What does the view look like from inside a water bubble? Earlier this year, astronauts on the International Space Station completely submersed a GoPro video recorder inside liquid and filmed the view — which is quite amusing.
Look below for some distorted views of then-Expedition 40 astronauts Reid Wiseman and Alexander Gerst … and an awesome 3-D video besides!
NASA’s goal in tasking the astronauts with this is to better understand how water behaves in space. (It’s actually quite a serious matter, as a lack of understanding of the physics was one factor leading to a dangerous water leak during a spacewalk in 2013.) In this case, the astronauts were looking at how surface tension works in microgravity.
As for that 3-D video, the agency says it is going to offer more of these from space as it gets people even closer to actually being there. Here’s a neat phenomenon: typically the higher radiation levels in space damage video cameras to the extent where they need to be replaced every 8-12 months.
A 3-D camera sent up in 2011, however, had virtually no dead pixels in the images, prompting NASA to investigate. Officials requested the camera come back to Earth on a Dragon splashdown in 2012. That’s when they discovered the way the 3-D camera is structured — with stereo images layered on top of each other — lessens the appearance of any damage.
But there’s also less damage in the first place, NASA said, because the 3-D camera doesn’t use charge-coupled imaging sensors that are susceptible to radiation. The newer system uses a metal-oxide semiconductor sensor, which doesn’t get hurt as badly. We guess that’s more argument for bringing 3-D images from the final frontier.
Wow! See that bright streak in the photo above? That’s a shot of the Expedition 40 crew making a flawless return from the International Space Station yesterday (Sept. 10) … a shot taken from space itself.
“Our view of the picture perfect reentry of TMA-12M,” wrote Expedition 41 astronaut Reid Wiseman, who just hours before bid farewell to Steve Swanson (NASA), Alexander Skvortsov (Roscosmos) and Oleg Artemyev (Roscosmos). The re-entry was in fact so perfect that TV cameras caught the parachute immediately after deployment, which doesn’t always happen.
As you can see in the video replay below, the Soyuz made a bulls-eye landing near Dzhezkazgan, Kazakhstan at 10:23 p.m. EDT (2:23 a.m. UTC). There are now only three people tending to the space station until the rest of the Expedition 41 crew launches, which is expected to happen Sept. 25.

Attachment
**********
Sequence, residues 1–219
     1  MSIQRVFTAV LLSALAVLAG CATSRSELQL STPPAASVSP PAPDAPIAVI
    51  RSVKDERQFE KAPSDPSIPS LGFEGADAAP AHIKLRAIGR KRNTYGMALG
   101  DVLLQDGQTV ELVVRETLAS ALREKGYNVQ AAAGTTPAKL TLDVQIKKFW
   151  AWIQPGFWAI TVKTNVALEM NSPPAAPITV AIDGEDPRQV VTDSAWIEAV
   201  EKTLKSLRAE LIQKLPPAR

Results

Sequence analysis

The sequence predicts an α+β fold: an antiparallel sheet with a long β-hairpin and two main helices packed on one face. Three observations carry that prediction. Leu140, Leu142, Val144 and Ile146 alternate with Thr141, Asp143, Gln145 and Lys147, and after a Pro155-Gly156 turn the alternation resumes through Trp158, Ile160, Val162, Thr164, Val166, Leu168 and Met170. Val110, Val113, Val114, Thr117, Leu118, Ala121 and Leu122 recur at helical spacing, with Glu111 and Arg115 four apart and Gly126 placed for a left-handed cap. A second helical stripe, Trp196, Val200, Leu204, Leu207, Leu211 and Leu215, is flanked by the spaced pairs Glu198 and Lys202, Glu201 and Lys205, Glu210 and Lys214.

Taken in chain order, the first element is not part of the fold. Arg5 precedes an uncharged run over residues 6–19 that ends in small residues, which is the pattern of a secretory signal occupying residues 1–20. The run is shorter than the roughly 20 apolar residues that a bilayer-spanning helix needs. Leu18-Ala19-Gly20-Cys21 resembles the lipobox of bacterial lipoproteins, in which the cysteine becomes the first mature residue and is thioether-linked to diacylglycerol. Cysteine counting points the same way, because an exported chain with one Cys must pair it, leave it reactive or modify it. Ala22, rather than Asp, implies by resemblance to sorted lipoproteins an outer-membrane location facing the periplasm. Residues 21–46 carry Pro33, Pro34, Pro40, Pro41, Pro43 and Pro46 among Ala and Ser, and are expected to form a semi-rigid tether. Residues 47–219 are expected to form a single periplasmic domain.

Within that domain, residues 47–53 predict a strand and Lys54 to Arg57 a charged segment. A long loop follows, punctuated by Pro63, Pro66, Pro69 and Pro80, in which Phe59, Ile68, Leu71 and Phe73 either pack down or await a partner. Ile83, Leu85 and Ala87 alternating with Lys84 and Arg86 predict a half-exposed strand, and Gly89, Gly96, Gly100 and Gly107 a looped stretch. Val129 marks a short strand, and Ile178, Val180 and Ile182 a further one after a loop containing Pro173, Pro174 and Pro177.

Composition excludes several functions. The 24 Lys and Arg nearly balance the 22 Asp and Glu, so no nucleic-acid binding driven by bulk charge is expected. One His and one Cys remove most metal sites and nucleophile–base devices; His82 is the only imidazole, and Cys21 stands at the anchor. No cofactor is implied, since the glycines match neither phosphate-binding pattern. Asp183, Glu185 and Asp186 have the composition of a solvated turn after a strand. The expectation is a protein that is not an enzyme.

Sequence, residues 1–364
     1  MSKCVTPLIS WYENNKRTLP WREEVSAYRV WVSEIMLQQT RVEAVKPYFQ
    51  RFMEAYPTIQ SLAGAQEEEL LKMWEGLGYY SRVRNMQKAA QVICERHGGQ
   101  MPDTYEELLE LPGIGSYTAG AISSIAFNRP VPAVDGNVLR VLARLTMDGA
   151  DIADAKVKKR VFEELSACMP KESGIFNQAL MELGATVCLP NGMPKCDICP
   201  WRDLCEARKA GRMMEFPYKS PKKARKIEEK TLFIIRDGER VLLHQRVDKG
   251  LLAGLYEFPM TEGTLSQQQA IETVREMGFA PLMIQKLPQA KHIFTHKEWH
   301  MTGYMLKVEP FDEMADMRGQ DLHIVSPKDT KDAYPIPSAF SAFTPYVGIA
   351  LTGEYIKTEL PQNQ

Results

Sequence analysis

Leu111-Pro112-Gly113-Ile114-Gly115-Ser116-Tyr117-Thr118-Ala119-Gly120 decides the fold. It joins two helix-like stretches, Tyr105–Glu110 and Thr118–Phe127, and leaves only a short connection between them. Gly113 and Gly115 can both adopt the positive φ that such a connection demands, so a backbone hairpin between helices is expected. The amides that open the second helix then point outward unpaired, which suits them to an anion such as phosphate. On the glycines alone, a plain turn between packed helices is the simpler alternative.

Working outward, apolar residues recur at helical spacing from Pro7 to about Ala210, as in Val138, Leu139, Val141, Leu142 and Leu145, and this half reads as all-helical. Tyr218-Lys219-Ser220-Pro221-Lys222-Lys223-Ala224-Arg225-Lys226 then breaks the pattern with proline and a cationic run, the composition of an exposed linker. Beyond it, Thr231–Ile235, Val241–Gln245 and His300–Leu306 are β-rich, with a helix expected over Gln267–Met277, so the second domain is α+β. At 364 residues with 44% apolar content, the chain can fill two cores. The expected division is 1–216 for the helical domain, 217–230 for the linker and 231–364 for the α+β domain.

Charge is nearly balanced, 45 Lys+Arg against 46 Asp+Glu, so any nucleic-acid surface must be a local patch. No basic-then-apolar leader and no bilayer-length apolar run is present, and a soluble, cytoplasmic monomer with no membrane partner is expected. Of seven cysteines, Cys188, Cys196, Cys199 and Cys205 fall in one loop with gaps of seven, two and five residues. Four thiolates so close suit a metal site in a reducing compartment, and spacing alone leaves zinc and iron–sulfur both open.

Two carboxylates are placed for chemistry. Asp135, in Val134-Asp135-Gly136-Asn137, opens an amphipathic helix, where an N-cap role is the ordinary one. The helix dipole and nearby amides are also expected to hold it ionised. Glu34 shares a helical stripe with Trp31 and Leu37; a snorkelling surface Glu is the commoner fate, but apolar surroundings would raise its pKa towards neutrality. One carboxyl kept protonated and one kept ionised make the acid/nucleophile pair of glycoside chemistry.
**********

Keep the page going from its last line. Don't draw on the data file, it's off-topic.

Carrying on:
Following a nearly three day journey, an Orbital Sciences Corp. Cygnus commercial cargo freighter carrying a ton and a half of science experiments and supplies for the six person crew was successfully installed onto the International Space Station at 8:53 a.m. EDT this morning, July 16, after a flawless arrival and being firmly grasped by station astronauts deftly maneuvering the Canadarm2 robotic arm some two hours earlier.
Cygnus was captured in open space at 6:36 a.m. EDT by Commander Steve Swanson as he maneuvered the 57-foot (17-meter) Canadarm2 from a robotics workstation inside the station’s seven windowed domed Cupola, after it was delicately flown on an approach vector using GPS and LIDAR lasers to within about 32 feet (10 meters) of the massive orbiting complex.
Swanson was assisted by ESA astronaut and fellow Expedition 40 crew member Alexander Gerst working at a hardware control panel.
“Grapple confirmed” radioed Houston Mission Control as the complex soared in low orbit above Earth at 17500 MPH.
“Cygnus is captured as the ISS flew 260 miles (400 km) over northern Libya.”
Cygnus by the book arrival at the million pound orbiting laboratory coincided with the 45th anniversary of the launch of Apollo 11 on July 16, 1969 on America’s first manned moon landing mission.
This mission dubbed Orbital-2, or Orb-2, marks the second of eight operational cargo resupply missions to the ISS under Orbital’s Commercial Resupply Services (CRS) contract with NASA.
The supplies are critical to keep the station flying and humming with research investigations.
The supply ship thrusters all worked perfectly normal during rendezvous and docking to station with streaming gorgeous views provided by the stations new high definition HDEV cameras.
“We now have a seventh crew member. Janice Voss is now part of Expedition 40,” radioed Swanson.
“Janice devoted her life to space and accomplished many wonderful things at NASA and Orbital Sciences, including five shuttle missions. And today, Janice’s legacy in space continues. Welcome aboard the ISS, Janice.”
The Cygnus spacecraft was christened “SS Janice Voss” in honor of Janice Voss who flew five shuttle missions during her prolific astronaut carrier, worked for both NASA and Orbital Sciences and passed away in February 2012.
A robotics officer at Mission Control in Houston then remotely commanded the arm to move Cygnus into place for its berthing at the Earth-facing port on the Harmony module.
Once Cygnus was in place at the ready to latch (RTF) position, NASA astronaut and Flight Engineer Reid Wiseman monitored the Common Berthing Mechanism operations and initiated the first and second stage capture of the cargo ship to insure the craft was firmly joined.